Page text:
Series: SEVEN SIGNS
Plot Type: Apocalyptic Horror with Romance
Ratings: Violence—5; Sensuality—4; Humor—1
Publisher and Titles: Berkley Sensation
This ongoing post was revised and updated on 4/23/13 to include a review of the second novel in the series, Redemption. That review appears last, preceded by an overview of the world-building and a review of book 1.
The Tainted were once angels, but each one committed a grievous sin and lost his or her soul. They still work on the side of Heaven as warriors because they live in hope for a chance at redemption. Click HERE to go to a page on the author's web site with biographies of the Tainted. Here are the seven Tainted Ones—five males and two females:
> Luniel ("Lune" (book 1) soul mate—Dr. Morgan Sterling, human)
> Japheth ("Japh") (book 2) soul mate—Rose Harling, vampire)
> Jadzia ("Jaz") (female) (soul mate—Shax, demon)
> Iria (female)
BOOK 2: Redemption
The romantic (if you can call it that) couple in the second book are Japheth of the Tainted and Rose Harley, a relatively new vampire who was tricked and bitten by Fluvium, the demon Prince of Thirst and the creator and master of the Babylon vampires. Ever since Rose was bitten, she has been trying to appease Fluvium so that he won't kill her and send her to Hell. To Fluvium's great delight, she has been killing angels—so many that her nickname is now Angel Slayer—and Japh is planning to hunt her down and take her out. When Japh attempts to kill Rose during their hostile first meeting, his lustful attraction to her distracts him so much that he lets her go. Rose is equally attracted (physically) to Japh, but that doesn't stop her from deciding to capture him and turn him to the dark side.
Japh is one of the Tainted because Michael tossed him out of Heaven for reasons that Japh has never understood. Japh was Michael's greatest soldier, but he was humble about his successes in battle, never trying to outshine Michael. In Heaven, Japh was the "Golden Boy," always doing his duty and succeeding in everything he attempted (including becoming a talented classical pianist, if you can believe that). He has always been noted for his complete honesty and noble character, even during his centuries with the Tainted. Throughout the past 1,400 years, all Japh has ever wanted is redemption and a return to Heaven. Japh believes that Michael looked into his soul and saw how he repressed his darkest emotions, but he learns in this book that Michael had entirely different reasons for causing Japh's fall from grace.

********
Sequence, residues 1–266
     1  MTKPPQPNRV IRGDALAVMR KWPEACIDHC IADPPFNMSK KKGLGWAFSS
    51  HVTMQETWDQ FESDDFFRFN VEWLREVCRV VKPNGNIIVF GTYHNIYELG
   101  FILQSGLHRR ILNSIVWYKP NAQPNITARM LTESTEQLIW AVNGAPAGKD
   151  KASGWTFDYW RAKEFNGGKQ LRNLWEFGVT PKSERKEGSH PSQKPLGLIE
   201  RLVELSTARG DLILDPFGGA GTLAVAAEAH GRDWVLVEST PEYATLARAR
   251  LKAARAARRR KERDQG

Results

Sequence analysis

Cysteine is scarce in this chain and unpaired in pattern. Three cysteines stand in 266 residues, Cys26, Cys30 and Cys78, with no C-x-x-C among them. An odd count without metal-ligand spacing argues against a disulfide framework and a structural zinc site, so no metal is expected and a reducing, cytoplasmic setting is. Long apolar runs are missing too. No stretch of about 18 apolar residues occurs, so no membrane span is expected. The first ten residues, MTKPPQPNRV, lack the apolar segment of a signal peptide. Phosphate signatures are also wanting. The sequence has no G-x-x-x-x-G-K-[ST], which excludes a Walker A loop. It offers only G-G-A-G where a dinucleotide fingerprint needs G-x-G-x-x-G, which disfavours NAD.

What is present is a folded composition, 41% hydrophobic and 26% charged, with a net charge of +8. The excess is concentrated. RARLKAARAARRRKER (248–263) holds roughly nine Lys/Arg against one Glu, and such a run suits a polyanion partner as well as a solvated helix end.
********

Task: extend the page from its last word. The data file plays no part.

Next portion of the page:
Rose was an up-and-coming Broadway dancer when she went out for a booze-filled night on the town and was seduced by Fluvium, who turned her into a demon vampire. In a moment of uncontrollable blood lust on her first night as a vampire, Rose killed a little girl she was caring for, and she has been carrying the grief and pain of that act ever since. At that time, she begged God for help, but He never answered her pleas, and she now hates everything connected with Heaven—especially angels, even Tainted ones.
The main plot follows the erratic (and erotic) romantic and action-filled adventures of Japh and Rose as they come to a shaky and unreliable truce and work together (mostly) to take down some of the bad guys, including Fluvium. The book is filled with pages and pages of Japh and Rose's anguished, angst-filled dialogues and interior monologues, bemoaning their fate and lamenting that their relationship can never develop into anything positive.
The book includes several sub-plots that add to our knowledge of the characters, particularly the villainous archangel, Michael, and Jadzia's demon boyfriend, Shaz. It turns out that Michael is even more evil than he seemed to be in the previous book, as he continues to plot against his brother, Gabriel, and betrays both the Tainted and the angels of the Heavenly Host.
The over-arching series story arc involves the demon King, Azaroth (second in command to Satan), and his dastardly plans for world domination. Those plans will lead to the ultimate Apocalypse as soon as all of the seven vials are emptied. We get a bit of a shocker at the end of the book about Azaroth's earthly identity (but please don't read ahead and spoil the story for yourself).
This book is just as dark, bloody, and violent as the first one was, and few the characters (good and bad) demonstrate any admirable character traits. The bad guys are totally one dimensional—malignant to the core. The good guys are all arrogant, womanizing, hard-drinking boors, but I'm sure that each one will turn out to have a heart of gold when it comes time to star in his own book (with the possible exception of Michael). Click HERE to read the first chapter of Redemption.